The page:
A history that names human failings and offers illuminating possibilities, this book is essential reading for all who wish to better understand the conflicts in Afghanistan.
Former UN economist Dr. Graciana del Castillo (Rebuilding War-Torn Countries, 2008) returns with a study on Afghanistan designed for laymen. By placing modern Afghanistan in historical context, del Castillo’s timely and intricate book is able to explicate the various causes of its current imbalances, as well as provide a possible program for a brighter future.
Del Castillo’s project has a personal edge. The author visits and falls in love with Afghanistan just weeks before the 1978 coup d’etat that renders it a steady pawn in the fight against communism. Early pages have the feel of a travelogue, as she meditates upon the historical and social forces that shaped the once-peaceful agrarian nation. The love she describes feeling for the country and its people is palpable and moving.
The bulk of the work, though, is devoted to exploring what went wrong across decades of war, and what course corrections might be made as Afghanistan plans its future. Historical chapters are linear, sophisticated, and illuminating, drawing upon del Castillo’s economic expertise to reveal the long-term consequences of swift political actions. Concentration may be required for full appreciation of her involved fiscal explorations, but the effort is worthwhile.
Tracing Afghanistan’s descent into political chaos in the last half of the twentieth century, these chapters show that international involvement created deep-seated economic dependencies. Del Castillo’s comprehensive and detailed explorations of outside forces acting upon Afghanistan cover the decades in which the nation lived with civil wars financed on one side by the Soviet Union, with opposition forces receiving support from the United States. The book shows how the Taliban took root in a nation that once evaded hints of theocratic rule, and helps to better explain the international complicity in its rise to power.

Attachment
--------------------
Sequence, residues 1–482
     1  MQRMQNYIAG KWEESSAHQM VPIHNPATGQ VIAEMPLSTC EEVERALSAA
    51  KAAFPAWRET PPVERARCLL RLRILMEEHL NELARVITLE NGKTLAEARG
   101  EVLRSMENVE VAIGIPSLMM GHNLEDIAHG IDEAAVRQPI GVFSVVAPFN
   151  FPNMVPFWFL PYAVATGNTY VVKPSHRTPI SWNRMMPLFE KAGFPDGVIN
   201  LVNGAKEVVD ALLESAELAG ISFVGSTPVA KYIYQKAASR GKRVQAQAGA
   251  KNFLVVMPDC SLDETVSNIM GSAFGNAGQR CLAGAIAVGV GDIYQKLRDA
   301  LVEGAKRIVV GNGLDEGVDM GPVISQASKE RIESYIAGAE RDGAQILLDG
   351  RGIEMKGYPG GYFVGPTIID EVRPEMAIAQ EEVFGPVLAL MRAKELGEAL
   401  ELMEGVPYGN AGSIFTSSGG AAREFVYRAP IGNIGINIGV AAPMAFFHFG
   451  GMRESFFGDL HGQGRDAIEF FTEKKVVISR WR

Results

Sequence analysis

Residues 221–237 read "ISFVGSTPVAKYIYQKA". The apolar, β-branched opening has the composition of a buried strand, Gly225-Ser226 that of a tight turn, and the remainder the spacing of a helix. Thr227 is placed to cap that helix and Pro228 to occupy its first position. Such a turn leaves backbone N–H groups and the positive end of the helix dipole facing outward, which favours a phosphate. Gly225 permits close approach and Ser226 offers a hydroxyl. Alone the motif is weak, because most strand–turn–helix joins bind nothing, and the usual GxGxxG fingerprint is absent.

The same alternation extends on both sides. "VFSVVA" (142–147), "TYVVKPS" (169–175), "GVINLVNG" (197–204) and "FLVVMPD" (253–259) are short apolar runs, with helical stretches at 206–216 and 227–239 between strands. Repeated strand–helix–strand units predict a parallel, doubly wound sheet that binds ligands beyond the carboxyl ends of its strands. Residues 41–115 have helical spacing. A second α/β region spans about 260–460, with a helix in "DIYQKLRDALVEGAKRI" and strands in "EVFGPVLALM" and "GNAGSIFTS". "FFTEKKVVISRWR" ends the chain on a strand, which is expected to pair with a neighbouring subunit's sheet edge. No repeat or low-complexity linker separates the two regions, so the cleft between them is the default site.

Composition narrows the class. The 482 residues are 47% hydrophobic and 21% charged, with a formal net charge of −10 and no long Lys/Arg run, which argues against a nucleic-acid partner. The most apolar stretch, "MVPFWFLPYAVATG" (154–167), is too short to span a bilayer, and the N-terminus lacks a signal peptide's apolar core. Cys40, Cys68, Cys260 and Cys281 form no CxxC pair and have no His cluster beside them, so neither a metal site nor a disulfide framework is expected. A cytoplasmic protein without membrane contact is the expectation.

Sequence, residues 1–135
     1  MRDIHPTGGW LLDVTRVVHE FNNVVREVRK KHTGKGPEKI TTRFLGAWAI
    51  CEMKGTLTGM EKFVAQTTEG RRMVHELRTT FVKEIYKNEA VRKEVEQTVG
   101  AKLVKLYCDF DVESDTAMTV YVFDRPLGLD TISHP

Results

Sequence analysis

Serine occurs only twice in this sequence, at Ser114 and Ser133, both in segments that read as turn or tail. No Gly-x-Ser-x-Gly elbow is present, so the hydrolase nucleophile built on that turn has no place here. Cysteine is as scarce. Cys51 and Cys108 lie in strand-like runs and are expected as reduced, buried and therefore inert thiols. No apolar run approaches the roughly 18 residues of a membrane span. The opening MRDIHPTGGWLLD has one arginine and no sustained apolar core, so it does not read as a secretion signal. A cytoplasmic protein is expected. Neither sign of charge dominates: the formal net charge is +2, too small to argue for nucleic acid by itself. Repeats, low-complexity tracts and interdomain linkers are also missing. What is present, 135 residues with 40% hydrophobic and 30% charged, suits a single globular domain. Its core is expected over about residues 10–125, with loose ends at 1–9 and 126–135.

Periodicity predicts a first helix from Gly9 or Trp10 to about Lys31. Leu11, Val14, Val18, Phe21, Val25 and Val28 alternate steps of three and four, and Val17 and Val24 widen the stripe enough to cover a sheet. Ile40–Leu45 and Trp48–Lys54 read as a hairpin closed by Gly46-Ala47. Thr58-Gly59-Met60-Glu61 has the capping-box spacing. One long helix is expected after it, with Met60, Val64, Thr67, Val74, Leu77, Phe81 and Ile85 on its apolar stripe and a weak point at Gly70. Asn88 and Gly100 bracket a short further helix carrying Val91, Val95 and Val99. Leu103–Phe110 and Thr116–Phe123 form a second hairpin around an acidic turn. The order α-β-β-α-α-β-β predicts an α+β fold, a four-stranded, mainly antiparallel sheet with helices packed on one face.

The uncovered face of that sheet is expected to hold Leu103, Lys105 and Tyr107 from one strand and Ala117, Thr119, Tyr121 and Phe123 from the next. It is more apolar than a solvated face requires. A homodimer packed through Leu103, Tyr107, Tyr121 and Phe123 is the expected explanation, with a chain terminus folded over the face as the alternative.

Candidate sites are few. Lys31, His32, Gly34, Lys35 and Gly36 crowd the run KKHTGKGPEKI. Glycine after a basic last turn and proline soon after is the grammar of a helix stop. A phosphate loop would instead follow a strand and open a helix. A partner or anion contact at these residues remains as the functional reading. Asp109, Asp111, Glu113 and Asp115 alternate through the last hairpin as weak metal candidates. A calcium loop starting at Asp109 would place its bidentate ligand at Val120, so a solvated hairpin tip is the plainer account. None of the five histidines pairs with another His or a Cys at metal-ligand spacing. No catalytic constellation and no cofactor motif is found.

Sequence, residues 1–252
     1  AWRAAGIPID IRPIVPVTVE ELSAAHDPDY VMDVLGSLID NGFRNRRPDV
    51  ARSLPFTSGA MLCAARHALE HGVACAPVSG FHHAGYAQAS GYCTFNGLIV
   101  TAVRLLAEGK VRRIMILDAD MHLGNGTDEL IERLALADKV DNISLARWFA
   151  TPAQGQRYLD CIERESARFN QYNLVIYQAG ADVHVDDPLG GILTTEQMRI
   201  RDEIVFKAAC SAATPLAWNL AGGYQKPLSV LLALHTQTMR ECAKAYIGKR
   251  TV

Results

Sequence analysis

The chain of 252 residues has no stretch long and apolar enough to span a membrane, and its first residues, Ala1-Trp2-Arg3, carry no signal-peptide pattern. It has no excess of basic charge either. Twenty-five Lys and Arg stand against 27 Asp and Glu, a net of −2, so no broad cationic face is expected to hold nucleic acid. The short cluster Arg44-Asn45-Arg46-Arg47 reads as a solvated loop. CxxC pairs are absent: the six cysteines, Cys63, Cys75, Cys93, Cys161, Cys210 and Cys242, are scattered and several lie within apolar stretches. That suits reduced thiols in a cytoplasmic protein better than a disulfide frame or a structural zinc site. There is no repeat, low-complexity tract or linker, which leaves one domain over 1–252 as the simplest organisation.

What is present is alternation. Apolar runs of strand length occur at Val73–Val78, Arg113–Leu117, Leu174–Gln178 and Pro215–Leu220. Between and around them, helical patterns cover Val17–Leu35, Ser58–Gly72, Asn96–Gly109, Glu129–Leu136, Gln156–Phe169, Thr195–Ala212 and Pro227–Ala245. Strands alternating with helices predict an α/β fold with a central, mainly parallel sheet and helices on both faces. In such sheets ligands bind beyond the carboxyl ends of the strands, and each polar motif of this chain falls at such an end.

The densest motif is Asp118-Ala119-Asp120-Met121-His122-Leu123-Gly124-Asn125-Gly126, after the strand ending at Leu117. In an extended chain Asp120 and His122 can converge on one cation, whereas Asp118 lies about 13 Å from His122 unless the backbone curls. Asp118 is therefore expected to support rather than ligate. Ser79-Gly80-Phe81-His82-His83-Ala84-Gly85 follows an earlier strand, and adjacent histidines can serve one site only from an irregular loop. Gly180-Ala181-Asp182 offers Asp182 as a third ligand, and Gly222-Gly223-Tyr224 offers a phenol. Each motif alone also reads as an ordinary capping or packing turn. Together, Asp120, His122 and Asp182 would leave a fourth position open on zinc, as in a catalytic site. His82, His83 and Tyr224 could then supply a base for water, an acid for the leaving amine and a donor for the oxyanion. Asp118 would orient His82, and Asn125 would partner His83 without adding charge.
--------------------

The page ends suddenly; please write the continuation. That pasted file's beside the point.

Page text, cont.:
So, too, are post-9/11 activities critiqued, primarily for their focus on overhauling Afghanistan’s political system rather than creating interim economies of peace and reconstruction. Del Castillo reveals that the international community, against the advice of experts, neglected to learn from past interventions, and details failed policies of “reconstruction.”
Returning to Afghanistan in 2011, the author once again shows the growing nation through her eyes. Gone are formerly bucolic scenes, despite pockets of agricultural renewal. Emergent are buildings designed to withstand blasts or abandoned for their impracticality. The contrast is stark. The images del Castillo shares are, in and of themselves, enough to persuade that foreign actors have failed to comprehend the nation’s needs.
With the dual authority of a scholar and an inner-circle observer, del Castillo adds needed dimension to understandings of Afghanistan, and of the implications that impending U.S. withdrawal will carry. She estimates costs in the trillions and predicts continued political turmoil. Her advised program for course correction—which begins with simply considering the nation’s specific needs before acting—is compelling, if impossible to implement without cooperation.
Readers interested in sustainable peace may find themselves wishing for the coordination she proposes. A history that recognizes human failings and offers reflective, illuminating alternative possibilities, this book is essential reading for all who wish to better understand the roots of, and ramifications following, the conflicts in Afghanistan.
Michelle Anne Schingler
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